As a quick bowler, Khan arrived at the top of his forces in 1982. In 9 Tests, he got 62 wickets at 13.29 every, the most reduced normal of any bowler in Test history with no less than 50 wickets in a schedule year. In January 1983, playing against India, he achieved a Test bowling rating of 922 focuses. Albeit computed reflectively (ICC player evaluations did not exist at the time), Khan’s structure and execution amid this period positions third in the ICC’s All-Time Test Bowling Rankings.
Khan accomplished the all-rounder’s triple (securing 3000 runs and 300 wickets) in 75 Tests, the second quickest record behind Ian Botham’s 72. He is additionally settled as having the second most noteworthy unequaled batting normal of 61.86 for a Test batsman playing at position 6 of the batting request. He played his last Test match for Pakistan in January 1992, against Sri Lanka at Faisalabad. Khan resigned for all time from cricket six months after his last ODI, the notable 1992 World Cup last against England at Melbourne, Australia. He finished his profession with 88 Test matches, 126 innings and scored 3807 runs at a normal of 37.69, including six centuries and 18 fifties. His most noteworthy score was 136 runs. As a bowler, he took 362 wickets in Test cricket, which made him the first Pakistani and world’s fourth bowler to do so. In Odis, he played 175 matches and scored 3709 runs at a normal of 33.41. His most astounding score stays 102 not out. His best ODI bowling is archived at 6 wickets for 14 runs.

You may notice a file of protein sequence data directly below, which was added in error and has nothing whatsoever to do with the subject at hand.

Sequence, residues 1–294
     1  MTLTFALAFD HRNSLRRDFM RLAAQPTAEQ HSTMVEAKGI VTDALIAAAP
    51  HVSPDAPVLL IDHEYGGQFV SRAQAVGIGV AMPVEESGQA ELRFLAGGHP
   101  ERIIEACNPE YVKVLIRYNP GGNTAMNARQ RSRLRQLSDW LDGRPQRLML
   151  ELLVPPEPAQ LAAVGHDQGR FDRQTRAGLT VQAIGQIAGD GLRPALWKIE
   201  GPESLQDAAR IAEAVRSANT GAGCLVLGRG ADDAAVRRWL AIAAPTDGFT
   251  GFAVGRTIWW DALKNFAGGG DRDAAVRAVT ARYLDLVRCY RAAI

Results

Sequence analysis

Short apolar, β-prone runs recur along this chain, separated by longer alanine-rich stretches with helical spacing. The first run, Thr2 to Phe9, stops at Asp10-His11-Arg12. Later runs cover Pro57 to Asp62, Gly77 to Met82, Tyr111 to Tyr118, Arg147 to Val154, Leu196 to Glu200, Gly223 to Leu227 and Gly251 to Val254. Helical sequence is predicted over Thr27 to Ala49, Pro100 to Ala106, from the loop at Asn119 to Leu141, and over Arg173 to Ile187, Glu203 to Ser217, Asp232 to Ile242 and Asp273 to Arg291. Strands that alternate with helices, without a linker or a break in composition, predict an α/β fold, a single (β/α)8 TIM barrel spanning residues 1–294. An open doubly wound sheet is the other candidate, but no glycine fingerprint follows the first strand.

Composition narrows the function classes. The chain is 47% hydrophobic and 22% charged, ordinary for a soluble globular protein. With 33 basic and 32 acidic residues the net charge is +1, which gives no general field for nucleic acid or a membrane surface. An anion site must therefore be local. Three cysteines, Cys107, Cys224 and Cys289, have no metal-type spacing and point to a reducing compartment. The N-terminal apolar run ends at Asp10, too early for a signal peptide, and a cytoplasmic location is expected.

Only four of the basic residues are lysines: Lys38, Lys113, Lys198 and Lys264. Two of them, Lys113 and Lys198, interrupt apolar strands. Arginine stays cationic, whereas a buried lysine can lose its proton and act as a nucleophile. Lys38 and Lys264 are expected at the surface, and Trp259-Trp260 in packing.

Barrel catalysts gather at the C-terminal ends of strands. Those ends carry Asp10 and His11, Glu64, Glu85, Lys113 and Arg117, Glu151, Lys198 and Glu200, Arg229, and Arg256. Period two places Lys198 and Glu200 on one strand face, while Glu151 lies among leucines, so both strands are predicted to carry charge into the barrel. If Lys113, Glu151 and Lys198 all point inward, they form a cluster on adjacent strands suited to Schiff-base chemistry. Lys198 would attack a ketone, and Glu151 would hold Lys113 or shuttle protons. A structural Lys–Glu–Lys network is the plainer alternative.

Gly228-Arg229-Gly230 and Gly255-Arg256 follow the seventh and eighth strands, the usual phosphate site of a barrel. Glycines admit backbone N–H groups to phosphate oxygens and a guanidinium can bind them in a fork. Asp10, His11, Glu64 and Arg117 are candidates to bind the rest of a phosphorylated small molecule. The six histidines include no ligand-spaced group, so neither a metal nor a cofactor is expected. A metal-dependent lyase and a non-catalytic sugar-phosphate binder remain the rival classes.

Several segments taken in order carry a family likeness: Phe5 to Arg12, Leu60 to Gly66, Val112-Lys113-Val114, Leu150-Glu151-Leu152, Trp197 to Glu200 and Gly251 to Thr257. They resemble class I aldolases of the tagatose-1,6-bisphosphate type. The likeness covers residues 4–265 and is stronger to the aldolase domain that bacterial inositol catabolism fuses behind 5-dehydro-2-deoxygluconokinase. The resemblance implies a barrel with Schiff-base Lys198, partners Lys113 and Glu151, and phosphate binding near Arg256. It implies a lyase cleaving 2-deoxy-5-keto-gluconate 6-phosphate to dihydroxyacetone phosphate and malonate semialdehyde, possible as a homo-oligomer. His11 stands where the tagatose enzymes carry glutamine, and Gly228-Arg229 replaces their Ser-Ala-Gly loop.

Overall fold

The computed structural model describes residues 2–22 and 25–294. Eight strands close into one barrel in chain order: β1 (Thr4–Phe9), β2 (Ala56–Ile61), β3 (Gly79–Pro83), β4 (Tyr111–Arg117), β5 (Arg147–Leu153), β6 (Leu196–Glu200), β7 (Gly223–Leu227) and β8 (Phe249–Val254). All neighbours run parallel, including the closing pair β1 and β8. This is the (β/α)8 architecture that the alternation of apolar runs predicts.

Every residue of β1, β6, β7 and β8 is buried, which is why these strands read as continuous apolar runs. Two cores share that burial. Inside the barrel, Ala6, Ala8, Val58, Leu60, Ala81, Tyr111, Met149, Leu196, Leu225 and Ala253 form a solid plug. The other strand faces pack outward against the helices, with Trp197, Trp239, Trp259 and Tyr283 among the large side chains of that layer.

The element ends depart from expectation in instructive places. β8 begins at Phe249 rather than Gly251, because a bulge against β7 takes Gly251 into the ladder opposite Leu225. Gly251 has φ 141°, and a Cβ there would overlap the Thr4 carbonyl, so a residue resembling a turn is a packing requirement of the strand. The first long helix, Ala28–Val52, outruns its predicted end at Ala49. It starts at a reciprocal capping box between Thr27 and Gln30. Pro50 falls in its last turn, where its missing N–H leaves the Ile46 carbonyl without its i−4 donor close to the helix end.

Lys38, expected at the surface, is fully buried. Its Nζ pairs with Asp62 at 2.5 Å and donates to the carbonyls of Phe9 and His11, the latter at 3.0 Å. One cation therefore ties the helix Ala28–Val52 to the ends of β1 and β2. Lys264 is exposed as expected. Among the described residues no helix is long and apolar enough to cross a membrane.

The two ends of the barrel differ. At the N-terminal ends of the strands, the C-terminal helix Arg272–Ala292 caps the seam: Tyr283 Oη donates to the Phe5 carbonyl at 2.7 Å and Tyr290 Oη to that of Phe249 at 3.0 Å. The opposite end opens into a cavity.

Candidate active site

At the stature of his profession, in 1982, the thirty-year-old Khan assumed control over the captaincy of the Pakistan cricket group from Javed Miandad. Reviewing his beginning distress with this new part, he later said, “When I turned into the cricket commander, I couldn’t address the group specifically I was so bashful. I needed to tell the director, I said listen would you be able to converse with them, this is the thing that I need to pass on to the group. I mean early group gatherings I use to be so modest and humiliated I couldn’t converse with the group.” As a commander, Khan played 48 Test matches, out of which 14 were won by Pakistan, 8 lost and whatever remains of 26 were drawn. He additionally played 139 Odis, winning 77, losing 57 and consummation one in a tie.
In the group’s second match under his authority, Khan drove them to their first Test win on English soil for a long time at Lord’s. Khan’s first year as commander was the top of his legacy as a quick bowler and also an all-rounder. He recorded the best Test knocking down some pins of his profession while taking 8 wickets for 58 runs against Sri Lanka at Lahore in 1981–82. He additionally beat both the rocking the bowling alley and batting midpoints against England in three Test arrangement in 1982, taking 21 wickets and averaging 56 with the bat. Later that year, he set up an exceedingly recognized execution in a home arrangement against the imposing Indian group by taking 40 wickets in six Tests at a normal of 13.95. Before the end of this